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Gerald Bauer’s Ruby Notebook

Mofo - Getting Started w/ Microformats using Ruby - Web 3.0 In Action

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What are Microformats? Microformats let you turn your web page into a web service using nothing more than simple coding conventions and patterns that work in today’s browsers. If you markup events, people, reviews, locations and more in your web page using Microformats you contribute to the next version of the web – known as the Semantic Web, Web 3.0 or the Giant Global Graph (GGG).

Let’s skip the theory and dive into code and tap into the Giant Global Graph.

Let’s load up the event listing web page for the “Microformats – Adding Semantics to Your Web Site” VanDev meetup on the Yahoo! Upcoming service using mofo – a microformat parser in Ruby.

require 'mofo'
require 'pp'

event = hCalendar.find 'http://upcoming.yahoo.com/event/448518/'

Using hCalendar.find we tell the mofo microformat parser to look for all events marked up in the web page using the hCalendar microformat standard.

That’s all. Now we’re ready to play with the event data:

puts event.summary

Prints the events one-line summary:

=> VanDev: Microformats – Adding Semantics to Your Web Site – Web 3.0 in Action

puts event.dtstart

Prints the event start date:

=> Wed Apr 16 19:00:00 -0700 2008

puts event.description

Prints the event description:

=> In April we have a presentation by Gerald Bauer on Microformats, a web markup practice that enables better automated processing of existing data by attaching semantics. Join us as Gerald shows us what Microformats are and what’s being done with them.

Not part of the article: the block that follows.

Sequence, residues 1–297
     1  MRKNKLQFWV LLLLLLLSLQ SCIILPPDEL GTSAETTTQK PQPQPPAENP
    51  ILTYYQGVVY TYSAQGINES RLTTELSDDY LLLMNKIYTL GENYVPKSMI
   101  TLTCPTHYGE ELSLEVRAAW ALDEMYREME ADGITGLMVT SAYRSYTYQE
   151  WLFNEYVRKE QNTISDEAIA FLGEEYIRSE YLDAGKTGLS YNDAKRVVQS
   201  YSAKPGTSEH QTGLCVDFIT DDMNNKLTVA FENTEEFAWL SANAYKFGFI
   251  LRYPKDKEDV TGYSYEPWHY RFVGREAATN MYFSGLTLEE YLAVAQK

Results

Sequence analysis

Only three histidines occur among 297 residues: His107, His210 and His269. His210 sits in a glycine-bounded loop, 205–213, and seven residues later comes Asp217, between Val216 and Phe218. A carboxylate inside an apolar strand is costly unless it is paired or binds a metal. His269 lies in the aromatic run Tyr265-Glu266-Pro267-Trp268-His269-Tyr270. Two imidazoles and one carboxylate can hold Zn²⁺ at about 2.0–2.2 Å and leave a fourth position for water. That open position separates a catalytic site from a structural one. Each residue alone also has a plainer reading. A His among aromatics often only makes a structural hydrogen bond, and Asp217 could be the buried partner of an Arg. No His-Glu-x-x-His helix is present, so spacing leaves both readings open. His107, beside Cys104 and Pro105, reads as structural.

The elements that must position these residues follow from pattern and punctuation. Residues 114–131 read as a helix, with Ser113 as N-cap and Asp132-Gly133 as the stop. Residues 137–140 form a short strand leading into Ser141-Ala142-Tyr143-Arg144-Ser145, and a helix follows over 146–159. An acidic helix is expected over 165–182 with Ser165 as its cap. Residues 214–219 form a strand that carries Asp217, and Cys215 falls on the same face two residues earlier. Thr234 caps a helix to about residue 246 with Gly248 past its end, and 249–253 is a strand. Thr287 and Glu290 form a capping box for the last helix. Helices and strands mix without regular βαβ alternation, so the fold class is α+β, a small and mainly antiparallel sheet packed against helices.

Using the pretty printer (pp) module we can print the hCard microformat inside the hCalendar microformat used to markup the event’s venue name and address:

pp event.location

Pretty prints the hCard microformat data:

#<HCard:0x6804750
 @adr=
  #<Adr:0x681779c
   @locality="Vancouver",
   @postal_code="",
   @properties=["street_address", "region", "postal_code", "locality"],
   @region="British Columbia",
   @street_address="800 Robson St.">,
 @fn="UBC Robson Square",
 @org="UBC Robson Square",
 @properties=["fn", "adr", "org"]>

We can, of course, print the items one at a time:

puts event.location.fn

Prints the event’s venue name and fn stands for full name:

=> UBC Robson Square

puts event.location.adr.locality

Prints the event’s venue locality, that is, the city, village, or hamlet:

=> Vancouver

puts event.location.adr.street_address

Prints the event’s venue street address:

=> 800 Robson St.

And so on and so forth. To see the fully monty pretty print the hCalendar microformat and stand back 1000 meters:

pp event

That’s all to get started using Microformats in Ruby thanks to the mofo parser library. Note, you can grab the source for this article from the Vancouver.rb repository.

Any comments, corrections or additions about “Mofo – Getting Started w/ Microformats using Ruby – Web 3.0 In Action”? Send them along to the Vancouver.rb Mailing List/Forum. Thanks!

Written by Gerald

January 18, 2008 at 3:08 am

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